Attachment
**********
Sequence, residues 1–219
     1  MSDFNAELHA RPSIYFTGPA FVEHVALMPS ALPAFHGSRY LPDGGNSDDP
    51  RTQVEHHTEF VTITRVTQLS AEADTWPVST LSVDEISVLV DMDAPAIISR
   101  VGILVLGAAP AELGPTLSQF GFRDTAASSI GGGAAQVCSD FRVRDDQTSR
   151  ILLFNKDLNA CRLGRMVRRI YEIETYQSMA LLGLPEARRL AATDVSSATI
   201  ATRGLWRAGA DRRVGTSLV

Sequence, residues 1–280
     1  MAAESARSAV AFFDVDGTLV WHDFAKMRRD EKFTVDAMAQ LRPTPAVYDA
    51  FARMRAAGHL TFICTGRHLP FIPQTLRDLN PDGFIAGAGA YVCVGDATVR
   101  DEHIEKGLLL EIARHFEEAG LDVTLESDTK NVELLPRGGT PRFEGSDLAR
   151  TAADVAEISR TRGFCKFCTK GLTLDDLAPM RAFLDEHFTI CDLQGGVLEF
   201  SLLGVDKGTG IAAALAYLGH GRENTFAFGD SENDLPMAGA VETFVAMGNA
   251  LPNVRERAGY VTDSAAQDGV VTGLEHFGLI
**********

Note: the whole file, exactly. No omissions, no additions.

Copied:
Sequence, residues 1–219
     1  MSDFNAELHA RPSIYFTGPA FVEHVALMPS ALPAFHGSRY LPDGGNSDDP
    51  RTQVEHHTEF VTITRVTQLS AEADTWPVST LSVDEISVLV DMDAPAIISR
   101  VGILVLGAAP AELGPTLSQF GFRDTAASSI GGGAAQVCSD FRVRDDQTSR
   151  ILLFNKDLNA CRLGRMVRRI YEIETYQSMA LLGLPEARRL AATDVSSATI
   201  ATRGLWRAGA DRRVGTSLV

Sequence, residues 1–280
     1  MAAESARSAV AFFDVDGTLV WHDFAKMRRD EKFTVDAMAQ LRPTPAVYDA
    51  FARMRAAGHL TFICTGRHLP FIPQTLRDLN PDGFIAGAGA YVCVGDATVR
   101  DEHIEKGLLL EIARHFEEAG LDVTLESDTK NVELLPRGGT PRFEGSDLAR
   151  TAADVAEISR TRGFCKFCTK GLTLDDLAPM RAFLDEHFTI CDLQGGVLEF
   201  SLLGVDKGTG IAAALAYLGH GRENTFAFGD SENDLPMAGA VETFVAMGNA
   251  LPNVRERAGY VTDSAAQDGV VTGLEHFGLI